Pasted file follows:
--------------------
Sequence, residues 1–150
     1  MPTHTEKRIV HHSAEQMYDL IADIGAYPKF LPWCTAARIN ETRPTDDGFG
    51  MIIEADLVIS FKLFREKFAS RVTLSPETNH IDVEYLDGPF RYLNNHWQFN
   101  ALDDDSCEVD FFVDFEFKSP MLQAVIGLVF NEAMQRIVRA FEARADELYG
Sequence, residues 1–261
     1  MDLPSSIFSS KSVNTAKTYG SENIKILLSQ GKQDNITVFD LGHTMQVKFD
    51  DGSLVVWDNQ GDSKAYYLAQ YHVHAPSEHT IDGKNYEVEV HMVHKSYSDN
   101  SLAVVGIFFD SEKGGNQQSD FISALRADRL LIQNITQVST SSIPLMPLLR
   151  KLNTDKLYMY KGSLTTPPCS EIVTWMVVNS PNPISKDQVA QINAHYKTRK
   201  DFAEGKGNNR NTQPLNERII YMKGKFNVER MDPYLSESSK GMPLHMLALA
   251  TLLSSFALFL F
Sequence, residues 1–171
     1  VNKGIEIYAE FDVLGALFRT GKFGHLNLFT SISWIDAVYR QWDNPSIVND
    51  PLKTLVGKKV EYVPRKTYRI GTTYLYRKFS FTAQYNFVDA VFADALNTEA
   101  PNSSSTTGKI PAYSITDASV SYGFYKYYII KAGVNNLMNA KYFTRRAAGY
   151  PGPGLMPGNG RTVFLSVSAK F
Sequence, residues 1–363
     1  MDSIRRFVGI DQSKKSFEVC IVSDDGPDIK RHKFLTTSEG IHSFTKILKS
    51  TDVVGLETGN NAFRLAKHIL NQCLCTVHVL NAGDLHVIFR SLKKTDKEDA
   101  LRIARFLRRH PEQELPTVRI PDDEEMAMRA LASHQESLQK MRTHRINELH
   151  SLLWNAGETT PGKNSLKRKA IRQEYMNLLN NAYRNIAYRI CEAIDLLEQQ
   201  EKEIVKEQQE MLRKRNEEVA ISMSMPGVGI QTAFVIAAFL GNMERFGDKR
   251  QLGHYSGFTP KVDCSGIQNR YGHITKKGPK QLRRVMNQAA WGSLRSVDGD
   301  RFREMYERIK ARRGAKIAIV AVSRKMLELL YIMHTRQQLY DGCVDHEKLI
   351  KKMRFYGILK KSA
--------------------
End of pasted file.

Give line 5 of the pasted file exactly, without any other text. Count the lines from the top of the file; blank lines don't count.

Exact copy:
Sequence, residues 1–261